Drones taking cue from birds, bugs
Pentagon exploring use of nature-inspired devices
SAN DIEGO – You’ll never look at hummingbirds the same again.
The Pentagon has poured millions of dollars into the development of tiny drones inspired by biology, each equipped with video and audio equipment that can record sights and sounds.
They could be used to spy, but also to locate people inside earthquake-crumpled buildings and detect hazardous chemical leaks.
The smaller, the better.
Besides the hummingbird, engineers in the growing unmanned aircraft industry are working on drones that look like insects and the helicopter-like maple leaf seed.
Researchers are even exploring ways to implant surveillance and other equipment into an insect as it is undergoing metamorphosis. They want to be able to control the creature.
The devices could end up being used by police officers and firefighters.
Their potential use outside of battle zones, however, is raising questions about privacy and the dangers of the winged creatures buzzing around in the same skies as aircraft.
For now, most of these devices are just inspiring awe.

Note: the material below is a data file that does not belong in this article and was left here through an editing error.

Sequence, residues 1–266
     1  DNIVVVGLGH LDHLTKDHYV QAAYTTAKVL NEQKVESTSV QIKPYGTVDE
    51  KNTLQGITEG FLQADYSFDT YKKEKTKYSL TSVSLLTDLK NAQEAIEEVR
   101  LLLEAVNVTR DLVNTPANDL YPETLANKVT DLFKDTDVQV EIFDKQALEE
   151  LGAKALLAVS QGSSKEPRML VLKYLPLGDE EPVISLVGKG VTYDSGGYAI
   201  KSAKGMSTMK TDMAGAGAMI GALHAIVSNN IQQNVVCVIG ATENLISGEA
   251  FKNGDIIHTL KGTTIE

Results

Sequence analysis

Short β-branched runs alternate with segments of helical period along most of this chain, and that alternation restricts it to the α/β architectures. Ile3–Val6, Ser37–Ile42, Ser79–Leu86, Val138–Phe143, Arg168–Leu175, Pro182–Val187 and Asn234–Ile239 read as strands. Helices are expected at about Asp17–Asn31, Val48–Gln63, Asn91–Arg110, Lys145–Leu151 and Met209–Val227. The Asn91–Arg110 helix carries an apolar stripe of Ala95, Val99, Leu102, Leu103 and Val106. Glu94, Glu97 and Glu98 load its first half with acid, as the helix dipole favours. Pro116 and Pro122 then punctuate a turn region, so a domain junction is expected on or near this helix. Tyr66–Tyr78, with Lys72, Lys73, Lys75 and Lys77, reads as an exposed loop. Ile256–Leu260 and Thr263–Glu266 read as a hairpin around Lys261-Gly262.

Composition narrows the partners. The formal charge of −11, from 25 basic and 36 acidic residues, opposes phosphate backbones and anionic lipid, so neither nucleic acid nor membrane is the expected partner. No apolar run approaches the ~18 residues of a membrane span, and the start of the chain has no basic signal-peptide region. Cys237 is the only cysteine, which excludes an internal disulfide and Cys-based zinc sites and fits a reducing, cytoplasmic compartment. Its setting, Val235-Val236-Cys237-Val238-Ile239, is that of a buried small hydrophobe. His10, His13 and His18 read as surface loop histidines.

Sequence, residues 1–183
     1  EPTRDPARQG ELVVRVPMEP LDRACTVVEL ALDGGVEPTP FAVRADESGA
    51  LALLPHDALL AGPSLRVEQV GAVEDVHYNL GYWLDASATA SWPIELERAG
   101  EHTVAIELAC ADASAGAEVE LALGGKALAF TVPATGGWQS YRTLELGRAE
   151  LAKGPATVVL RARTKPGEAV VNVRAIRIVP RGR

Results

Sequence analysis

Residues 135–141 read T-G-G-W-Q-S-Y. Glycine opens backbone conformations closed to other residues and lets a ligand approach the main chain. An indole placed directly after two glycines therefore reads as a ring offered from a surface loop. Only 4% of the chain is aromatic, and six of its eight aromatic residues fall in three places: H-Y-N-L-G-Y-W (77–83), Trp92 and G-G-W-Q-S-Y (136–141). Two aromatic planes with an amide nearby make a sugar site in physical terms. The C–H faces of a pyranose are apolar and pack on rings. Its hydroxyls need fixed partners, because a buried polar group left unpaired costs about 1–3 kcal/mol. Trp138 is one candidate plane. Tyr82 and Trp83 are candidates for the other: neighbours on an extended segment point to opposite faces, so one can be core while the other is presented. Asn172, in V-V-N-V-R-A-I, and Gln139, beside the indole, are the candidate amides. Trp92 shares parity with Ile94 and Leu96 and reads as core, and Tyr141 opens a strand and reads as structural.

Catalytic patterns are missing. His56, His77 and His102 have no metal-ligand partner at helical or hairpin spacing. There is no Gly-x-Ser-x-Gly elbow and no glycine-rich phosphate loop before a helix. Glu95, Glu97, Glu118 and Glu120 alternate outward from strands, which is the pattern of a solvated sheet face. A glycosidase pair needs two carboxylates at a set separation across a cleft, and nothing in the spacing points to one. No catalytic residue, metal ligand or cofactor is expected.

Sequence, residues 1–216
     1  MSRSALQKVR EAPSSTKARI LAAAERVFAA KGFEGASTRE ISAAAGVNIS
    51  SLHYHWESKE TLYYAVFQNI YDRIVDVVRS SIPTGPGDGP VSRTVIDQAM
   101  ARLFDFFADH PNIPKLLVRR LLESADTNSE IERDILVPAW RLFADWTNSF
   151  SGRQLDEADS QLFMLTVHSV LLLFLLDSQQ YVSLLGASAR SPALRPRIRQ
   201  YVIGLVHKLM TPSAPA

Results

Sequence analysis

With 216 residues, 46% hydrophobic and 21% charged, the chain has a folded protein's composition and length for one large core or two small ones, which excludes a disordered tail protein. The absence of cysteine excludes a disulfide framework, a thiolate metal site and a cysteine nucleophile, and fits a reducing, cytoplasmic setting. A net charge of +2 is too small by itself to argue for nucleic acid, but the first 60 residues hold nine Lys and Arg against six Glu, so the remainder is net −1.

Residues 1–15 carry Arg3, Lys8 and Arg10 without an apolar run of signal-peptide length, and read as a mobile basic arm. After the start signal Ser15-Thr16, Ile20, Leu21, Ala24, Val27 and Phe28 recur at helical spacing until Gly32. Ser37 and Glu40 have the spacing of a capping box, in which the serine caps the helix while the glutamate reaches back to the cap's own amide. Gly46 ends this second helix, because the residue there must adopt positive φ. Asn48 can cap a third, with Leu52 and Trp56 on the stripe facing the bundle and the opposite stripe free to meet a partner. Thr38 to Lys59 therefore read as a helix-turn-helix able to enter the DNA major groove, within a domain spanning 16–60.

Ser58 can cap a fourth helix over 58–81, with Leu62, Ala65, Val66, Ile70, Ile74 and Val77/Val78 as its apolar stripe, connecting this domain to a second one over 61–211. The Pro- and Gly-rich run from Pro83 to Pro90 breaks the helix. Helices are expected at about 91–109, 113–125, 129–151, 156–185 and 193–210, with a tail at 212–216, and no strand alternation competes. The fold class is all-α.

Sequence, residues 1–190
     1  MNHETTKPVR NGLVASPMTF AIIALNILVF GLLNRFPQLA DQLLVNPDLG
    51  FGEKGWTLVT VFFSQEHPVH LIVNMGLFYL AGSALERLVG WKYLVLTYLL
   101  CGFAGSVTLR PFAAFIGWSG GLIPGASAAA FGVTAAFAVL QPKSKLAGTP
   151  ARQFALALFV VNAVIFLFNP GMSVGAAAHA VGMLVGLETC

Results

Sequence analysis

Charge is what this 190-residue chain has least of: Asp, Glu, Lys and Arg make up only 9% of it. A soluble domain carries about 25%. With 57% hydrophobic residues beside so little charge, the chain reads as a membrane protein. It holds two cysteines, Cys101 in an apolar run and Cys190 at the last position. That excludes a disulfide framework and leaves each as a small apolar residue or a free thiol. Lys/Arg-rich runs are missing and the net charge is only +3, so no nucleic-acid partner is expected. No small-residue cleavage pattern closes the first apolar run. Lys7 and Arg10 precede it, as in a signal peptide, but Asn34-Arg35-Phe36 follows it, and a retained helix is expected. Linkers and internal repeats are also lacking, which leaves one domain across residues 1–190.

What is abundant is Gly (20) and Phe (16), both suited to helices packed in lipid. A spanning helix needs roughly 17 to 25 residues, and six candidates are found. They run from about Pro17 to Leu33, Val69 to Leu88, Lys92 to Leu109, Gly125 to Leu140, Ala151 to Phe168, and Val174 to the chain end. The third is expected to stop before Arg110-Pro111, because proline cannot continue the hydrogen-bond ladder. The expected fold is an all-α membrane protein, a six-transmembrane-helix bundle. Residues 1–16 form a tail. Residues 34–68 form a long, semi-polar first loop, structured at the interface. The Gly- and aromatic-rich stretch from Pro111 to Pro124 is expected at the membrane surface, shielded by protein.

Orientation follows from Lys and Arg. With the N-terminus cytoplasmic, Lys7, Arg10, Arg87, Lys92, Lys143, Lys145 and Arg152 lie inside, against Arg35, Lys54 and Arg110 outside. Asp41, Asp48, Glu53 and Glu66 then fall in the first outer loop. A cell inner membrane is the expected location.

With a 6.5-inch wing span, the remote-controlled bird weighs less than a AA battery and can fly at speeds of up to 11 mph, propelled only by the flapping of its two wings. A tiny video camera sits in its belly.
The bird can climb and descend vertically, fly sideways, forward and backward. It can rotate clockwise and counterclockwise.
Most of all it can hover and perch on a window ledge while it gathers intelligence, unbeknownst to the enemy.
“We were almost laughing out of being scared because we had signed up to do this,” said Matt Keennon, senior project engineer of California’s AeroVironment, which built the hummingbird.
The Pentagon asked the company to develop a pocket-size aircraft for surveillance and reconnaissance that mimicked biology.
Five years and $4 million later, the company has developed what it calls the world’s first hummingbird spy plane.
AeroVironment has become a leader in the hand-launched drone industry.
Troops in Afghanistan fling a four-pound plane, called the Raven, into the air. They have come to rely on the real-time video it sends back, using it to locate roadside bombs or get a glimpse of what is happening over the next hill or around a corner.
Peter W. Singer, author of the book, “Wired for War” about robotic warfare, said the legal implications, especially with interest among police in using tiny drones for surveillance, and their potential to invade people’s privacy, will be increasingly discussed as robotics become a greater part of everyday life.
“It’s the equivalent to the advent of the printing press, the computer, gun powder,” he said. “It’s that scale of change.”
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